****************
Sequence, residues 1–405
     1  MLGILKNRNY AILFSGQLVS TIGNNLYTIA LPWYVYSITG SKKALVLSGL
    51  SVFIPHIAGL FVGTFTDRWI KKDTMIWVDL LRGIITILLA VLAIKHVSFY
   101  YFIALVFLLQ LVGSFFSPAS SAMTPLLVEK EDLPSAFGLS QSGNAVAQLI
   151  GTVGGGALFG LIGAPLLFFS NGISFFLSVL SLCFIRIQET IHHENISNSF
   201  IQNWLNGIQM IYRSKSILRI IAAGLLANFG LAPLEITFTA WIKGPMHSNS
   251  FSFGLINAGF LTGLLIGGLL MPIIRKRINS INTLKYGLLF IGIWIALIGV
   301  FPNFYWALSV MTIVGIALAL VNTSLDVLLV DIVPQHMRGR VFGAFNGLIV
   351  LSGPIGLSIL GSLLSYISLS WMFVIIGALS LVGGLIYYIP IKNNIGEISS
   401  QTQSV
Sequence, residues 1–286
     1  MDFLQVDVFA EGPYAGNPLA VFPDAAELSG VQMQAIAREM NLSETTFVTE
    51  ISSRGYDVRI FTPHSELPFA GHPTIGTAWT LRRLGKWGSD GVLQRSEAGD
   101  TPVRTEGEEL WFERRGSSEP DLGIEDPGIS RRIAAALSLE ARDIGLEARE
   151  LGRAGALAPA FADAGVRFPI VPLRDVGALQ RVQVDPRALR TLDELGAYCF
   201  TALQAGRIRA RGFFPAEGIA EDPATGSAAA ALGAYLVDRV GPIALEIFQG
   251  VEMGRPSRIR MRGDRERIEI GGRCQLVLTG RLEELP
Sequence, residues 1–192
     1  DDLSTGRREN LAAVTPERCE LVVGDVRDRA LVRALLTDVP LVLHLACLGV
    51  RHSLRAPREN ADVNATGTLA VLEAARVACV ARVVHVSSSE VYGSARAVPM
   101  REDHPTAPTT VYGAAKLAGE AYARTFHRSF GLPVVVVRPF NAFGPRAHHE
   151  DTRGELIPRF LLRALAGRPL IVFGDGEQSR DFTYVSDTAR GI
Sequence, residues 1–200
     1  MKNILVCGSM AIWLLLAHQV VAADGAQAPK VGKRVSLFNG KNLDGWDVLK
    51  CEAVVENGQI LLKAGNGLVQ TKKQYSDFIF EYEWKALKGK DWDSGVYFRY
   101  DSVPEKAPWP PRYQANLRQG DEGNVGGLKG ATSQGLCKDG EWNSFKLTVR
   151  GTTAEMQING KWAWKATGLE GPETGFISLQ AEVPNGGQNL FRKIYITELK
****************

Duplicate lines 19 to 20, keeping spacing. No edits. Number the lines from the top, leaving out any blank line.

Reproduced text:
     1  DDLSTGRREN LAAVTPERCE LVVGDVRDRA LVRALLTDVP LVLHLACLGV
    51  RHSLRAPREN ADVNATGTLA VLEAARVACV ARVVHVSSSE VYGSARAVPM